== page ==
Target Says ‘Nope’ With Non-Alcoholic Cocktail Product In 600 Stores

When Beth Ann Shaeffer launched NOPE Beverages three years ago, she could only dream of having her non-alcoholic canned cocktails placed in a major department store.

But that dream’s become a reality, as Target picked up her six-can variety party pack to sell in 600 stores for the holiday season, and its distribution will expand for “Dry January” to 1,700 stores across the country.

“I just feel like we’re on the cusp of something really big and exciting,” Shaeffer says.

The six-pack will retain for $20, and it will contain two cans each of mango margarita with jalapeño, watermelon chili mojito, and black cherry sangria.

The mango margarita with jalapeño remains NOPE’s best-selling flavor since its launch, and the watermelon chili mojito and black cherry sangria are two new flavors to join the line-up. The other flavors in the NOPE line include: strawberry basil smash, raspberry lime ginger beer, and rosemary vanilla lemonade.

“The two new flavors contain two-thirds less sugar and less calories than the original flavors,” Shaeffer says.

The new flavors contain only 35 calories and six grams of sugar. “But they taste just as good, if not better, than our original flavors,” she says. “We had requests for less sugar and less calories, and we definitely wanted to respond to that.”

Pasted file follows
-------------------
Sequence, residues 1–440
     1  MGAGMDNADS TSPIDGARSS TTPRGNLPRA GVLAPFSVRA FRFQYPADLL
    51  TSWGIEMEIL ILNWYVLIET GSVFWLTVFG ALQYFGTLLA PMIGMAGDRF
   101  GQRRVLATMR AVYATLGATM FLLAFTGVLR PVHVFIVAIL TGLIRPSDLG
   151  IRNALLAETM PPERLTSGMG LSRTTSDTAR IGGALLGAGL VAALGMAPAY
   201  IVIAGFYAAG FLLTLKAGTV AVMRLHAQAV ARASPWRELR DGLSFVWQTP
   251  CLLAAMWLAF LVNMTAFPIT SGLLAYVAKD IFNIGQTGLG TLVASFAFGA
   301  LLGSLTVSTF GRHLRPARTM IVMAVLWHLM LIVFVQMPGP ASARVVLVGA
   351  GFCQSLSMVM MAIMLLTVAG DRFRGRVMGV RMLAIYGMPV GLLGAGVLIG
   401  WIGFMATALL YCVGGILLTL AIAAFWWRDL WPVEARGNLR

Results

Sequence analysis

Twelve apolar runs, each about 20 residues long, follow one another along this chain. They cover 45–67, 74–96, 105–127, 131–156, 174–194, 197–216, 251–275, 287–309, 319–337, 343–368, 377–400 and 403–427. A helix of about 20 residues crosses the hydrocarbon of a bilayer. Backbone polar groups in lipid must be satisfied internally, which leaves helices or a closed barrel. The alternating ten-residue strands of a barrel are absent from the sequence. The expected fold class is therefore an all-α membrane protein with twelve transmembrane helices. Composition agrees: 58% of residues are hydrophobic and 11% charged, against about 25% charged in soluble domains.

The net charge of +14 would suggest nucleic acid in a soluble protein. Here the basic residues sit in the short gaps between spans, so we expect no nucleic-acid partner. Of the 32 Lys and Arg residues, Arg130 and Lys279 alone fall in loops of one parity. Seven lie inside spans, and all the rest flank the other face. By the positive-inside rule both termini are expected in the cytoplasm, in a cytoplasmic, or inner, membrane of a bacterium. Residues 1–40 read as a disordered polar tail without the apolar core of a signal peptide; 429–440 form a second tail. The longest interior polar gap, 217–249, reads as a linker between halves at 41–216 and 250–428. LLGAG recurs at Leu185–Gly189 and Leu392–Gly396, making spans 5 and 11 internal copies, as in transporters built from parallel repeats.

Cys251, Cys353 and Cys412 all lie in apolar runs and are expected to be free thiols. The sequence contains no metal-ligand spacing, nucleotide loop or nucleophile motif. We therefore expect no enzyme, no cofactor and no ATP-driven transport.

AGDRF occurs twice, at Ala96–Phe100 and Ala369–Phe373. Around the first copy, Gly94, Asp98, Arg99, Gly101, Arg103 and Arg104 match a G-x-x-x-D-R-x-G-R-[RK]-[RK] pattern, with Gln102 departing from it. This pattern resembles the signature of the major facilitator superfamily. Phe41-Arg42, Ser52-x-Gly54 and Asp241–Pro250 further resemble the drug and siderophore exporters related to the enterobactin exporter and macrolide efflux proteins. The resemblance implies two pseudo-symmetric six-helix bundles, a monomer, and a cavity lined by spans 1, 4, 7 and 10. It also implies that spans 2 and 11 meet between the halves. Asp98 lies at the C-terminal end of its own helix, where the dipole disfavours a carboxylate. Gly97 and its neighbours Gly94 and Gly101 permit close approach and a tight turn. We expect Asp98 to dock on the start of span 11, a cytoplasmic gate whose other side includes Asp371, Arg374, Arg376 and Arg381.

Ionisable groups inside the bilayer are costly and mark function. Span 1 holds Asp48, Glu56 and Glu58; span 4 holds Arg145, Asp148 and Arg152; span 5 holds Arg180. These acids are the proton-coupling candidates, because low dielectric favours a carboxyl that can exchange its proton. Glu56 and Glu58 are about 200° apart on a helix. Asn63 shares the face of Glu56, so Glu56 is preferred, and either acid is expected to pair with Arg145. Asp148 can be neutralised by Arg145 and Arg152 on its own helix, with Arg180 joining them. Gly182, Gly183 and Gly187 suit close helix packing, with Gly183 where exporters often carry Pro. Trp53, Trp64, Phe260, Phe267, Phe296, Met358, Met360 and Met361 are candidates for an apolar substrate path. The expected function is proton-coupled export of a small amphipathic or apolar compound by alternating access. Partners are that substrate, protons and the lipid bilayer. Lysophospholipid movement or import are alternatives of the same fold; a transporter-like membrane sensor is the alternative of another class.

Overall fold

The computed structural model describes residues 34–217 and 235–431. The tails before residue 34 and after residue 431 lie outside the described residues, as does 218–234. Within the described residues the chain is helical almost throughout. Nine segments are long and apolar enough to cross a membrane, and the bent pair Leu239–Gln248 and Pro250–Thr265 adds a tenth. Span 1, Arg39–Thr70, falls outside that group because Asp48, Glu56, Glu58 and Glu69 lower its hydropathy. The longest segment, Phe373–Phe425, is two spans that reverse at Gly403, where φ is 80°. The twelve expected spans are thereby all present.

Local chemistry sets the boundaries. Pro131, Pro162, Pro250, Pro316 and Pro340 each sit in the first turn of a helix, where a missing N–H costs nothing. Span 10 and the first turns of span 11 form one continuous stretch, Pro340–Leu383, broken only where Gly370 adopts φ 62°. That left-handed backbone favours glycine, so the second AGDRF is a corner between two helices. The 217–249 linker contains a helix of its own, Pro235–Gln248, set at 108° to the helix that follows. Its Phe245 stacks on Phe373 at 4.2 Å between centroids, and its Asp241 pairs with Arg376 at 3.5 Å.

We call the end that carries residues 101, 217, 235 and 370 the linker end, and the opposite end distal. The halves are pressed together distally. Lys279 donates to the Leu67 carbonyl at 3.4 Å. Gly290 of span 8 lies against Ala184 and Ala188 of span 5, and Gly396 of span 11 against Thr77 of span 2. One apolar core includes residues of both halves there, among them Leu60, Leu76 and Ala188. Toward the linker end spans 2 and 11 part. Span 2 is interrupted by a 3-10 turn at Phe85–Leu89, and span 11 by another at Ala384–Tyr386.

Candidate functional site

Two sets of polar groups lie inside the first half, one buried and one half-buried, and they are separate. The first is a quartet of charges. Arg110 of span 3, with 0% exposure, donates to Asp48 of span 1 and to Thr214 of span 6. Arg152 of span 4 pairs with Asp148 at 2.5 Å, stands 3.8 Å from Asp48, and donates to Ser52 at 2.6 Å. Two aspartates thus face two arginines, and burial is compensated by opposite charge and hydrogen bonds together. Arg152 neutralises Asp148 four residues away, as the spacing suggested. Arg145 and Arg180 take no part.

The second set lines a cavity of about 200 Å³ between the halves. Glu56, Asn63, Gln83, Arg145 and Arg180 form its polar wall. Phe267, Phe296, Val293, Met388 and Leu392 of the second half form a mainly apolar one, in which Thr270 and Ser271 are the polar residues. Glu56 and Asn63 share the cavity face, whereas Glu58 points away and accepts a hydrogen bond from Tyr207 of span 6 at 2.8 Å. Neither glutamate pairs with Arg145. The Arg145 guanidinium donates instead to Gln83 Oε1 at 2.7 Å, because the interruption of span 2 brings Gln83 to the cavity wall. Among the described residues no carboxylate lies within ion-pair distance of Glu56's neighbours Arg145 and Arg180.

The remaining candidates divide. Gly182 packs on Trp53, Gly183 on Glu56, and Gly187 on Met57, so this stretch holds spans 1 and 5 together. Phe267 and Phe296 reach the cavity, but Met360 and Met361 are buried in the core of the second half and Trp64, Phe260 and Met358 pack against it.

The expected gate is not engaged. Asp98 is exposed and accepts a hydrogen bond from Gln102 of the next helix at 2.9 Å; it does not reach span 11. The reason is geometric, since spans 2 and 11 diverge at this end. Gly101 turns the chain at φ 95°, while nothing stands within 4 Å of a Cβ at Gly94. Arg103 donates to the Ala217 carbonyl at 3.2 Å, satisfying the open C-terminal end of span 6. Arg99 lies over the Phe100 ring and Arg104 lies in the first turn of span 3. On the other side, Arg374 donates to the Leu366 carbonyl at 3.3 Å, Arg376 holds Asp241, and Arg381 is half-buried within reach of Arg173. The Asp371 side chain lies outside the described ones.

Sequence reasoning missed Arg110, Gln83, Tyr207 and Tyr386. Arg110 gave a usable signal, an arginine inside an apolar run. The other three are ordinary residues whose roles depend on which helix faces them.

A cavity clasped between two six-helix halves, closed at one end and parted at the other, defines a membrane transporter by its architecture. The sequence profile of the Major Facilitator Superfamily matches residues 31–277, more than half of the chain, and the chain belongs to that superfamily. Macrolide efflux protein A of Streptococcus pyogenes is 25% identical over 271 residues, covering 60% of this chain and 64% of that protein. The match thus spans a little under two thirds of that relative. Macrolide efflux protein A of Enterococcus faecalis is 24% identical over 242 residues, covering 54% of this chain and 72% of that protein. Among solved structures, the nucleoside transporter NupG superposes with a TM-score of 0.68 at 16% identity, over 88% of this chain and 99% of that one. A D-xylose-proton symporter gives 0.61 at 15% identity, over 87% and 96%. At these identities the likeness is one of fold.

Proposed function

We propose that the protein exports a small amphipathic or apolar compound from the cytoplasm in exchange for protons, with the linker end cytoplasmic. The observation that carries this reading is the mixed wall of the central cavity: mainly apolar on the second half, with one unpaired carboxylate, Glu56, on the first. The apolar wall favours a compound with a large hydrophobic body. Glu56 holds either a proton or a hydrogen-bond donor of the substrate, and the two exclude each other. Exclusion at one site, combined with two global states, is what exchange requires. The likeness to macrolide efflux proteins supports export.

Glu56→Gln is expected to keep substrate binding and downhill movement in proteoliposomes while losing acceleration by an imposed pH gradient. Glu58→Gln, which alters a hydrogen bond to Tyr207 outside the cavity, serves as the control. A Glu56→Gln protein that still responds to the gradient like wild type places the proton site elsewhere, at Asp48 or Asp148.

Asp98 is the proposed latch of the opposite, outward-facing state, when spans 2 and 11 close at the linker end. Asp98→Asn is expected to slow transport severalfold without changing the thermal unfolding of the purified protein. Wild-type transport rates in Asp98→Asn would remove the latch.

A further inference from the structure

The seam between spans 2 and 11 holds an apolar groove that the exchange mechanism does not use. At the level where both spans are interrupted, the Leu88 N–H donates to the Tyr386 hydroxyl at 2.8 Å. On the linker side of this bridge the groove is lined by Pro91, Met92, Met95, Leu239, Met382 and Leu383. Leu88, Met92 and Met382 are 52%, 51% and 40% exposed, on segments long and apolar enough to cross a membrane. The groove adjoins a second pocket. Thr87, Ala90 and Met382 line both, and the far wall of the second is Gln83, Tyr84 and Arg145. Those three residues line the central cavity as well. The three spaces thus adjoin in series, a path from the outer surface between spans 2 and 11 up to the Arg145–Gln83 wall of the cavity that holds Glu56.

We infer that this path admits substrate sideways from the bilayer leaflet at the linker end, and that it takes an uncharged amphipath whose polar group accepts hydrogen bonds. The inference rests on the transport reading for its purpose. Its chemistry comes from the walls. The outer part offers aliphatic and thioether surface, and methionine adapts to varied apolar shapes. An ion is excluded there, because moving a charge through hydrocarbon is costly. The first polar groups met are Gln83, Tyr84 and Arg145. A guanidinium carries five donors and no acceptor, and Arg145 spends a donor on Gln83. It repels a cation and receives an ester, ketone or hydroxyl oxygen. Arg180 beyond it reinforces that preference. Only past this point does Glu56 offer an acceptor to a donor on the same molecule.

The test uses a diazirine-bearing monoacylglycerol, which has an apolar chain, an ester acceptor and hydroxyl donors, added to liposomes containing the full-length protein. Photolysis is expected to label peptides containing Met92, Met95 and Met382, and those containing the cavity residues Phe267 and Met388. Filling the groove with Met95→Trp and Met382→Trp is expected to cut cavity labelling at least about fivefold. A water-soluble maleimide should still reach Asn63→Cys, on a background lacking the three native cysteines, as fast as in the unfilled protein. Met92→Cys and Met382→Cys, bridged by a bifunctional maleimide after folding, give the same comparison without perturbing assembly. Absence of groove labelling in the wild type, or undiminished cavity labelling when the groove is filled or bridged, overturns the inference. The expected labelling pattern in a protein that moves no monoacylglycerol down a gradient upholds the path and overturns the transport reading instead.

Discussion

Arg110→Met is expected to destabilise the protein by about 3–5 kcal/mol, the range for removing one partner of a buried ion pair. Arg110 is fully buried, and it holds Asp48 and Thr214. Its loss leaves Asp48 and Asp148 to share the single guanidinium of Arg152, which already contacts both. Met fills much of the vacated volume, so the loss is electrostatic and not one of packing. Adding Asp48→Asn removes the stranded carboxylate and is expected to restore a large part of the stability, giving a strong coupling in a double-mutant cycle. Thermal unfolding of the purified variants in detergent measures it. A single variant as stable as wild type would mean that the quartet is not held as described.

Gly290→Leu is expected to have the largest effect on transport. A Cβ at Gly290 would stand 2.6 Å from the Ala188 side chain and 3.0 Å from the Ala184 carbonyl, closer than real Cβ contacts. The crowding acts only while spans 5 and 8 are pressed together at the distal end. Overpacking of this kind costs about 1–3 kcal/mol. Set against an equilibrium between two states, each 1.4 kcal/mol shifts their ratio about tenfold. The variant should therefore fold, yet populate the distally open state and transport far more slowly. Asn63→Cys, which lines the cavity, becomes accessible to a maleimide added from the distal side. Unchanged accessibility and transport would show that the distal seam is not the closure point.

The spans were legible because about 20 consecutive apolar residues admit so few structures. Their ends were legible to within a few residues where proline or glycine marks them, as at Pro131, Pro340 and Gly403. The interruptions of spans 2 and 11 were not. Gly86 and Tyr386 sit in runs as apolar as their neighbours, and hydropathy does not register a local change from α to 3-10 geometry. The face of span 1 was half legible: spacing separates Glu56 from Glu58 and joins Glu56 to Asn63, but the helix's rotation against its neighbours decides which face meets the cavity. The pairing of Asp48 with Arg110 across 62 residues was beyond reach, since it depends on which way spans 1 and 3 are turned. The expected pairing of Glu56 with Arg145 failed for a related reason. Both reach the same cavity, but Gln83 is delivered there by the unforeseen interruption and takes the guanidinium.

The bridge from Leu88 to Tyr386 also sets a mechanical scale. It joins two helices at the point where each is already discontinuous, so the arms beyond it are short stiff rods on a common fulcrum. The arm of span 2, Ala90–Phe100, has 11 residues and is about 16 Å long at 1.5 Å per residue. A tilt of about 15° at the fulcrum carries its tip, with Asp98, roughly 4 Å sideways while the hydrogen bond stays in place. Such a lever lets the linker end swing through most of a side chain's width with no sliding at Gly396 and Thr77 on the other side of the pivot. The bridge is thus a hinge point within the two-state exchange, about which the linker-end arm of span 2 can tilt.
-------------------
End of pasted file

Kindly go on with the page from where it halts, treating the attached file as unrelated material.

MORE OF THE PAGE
The distribution at Target comes through an independent store called Sechet, and the section in Target where NOPE will be sold is called Sèchey; which is a non-alcoholic bottle shop, and the section at Target will be like a store within a store.

Back in 2020, NOPE was first only sold online to customers, and within the first year of operations, its distribution grew slowly, independent store by independent store. “Back then, I was just so excited when we reached customers in all 50 states,” Shaeffer says.

Today, NOPE is sold in more than 2,000 stores, from coast to coast, including CVS stores and Wegman’s. Shaeffer says during the first year of starting her business, she had to educate store owners and managers about what her product was.

“Back when I started, a lot of people thought these non-alcoholic brands were only for people who were pregnant or dealing with sobriety,” Shaeffer says. “But 82 percent of people who consume nonalcoholic products will also drink alcohol. They’re just more mindful, and they can float back and forth between the categories.”

“When we used to call retailers and distributors, they really didn’t know what we were,” she adds. “Now, three years later, it’s in high demand, and people are asking for our products. Now, there’s a (definitive) category, and there is a place on a shelf for us. I don’t have to explain to people what NOPE is.”

Getting placement in Target is a big milestone for this family-run, small business. “This is a really exciting thing for us,” Shaeffer says. “Target is like a dream. It’s somewhere we always hoped to be.”

In 2024, Shaeffer hopes to expand NOPE’s reach to bars, restaurants, and other places, and additional flavors will likely be added in the fourth quarter, as the team is always testing and developing new cocktails. “We really want to break into the on-premise scene,” she says.

For now, though, Shaeffer is celebrating the big and little wins. “I was in Ann Arbor, taking my son to a debate camp, and I ended up talking with this woman about non-alcoholic drinks, and she asked me if I knew about NOPE,” she says. “Another time, I saw someone on the beach drinking NOPE. I’d love to go into a restaurant and see someone with a can.”

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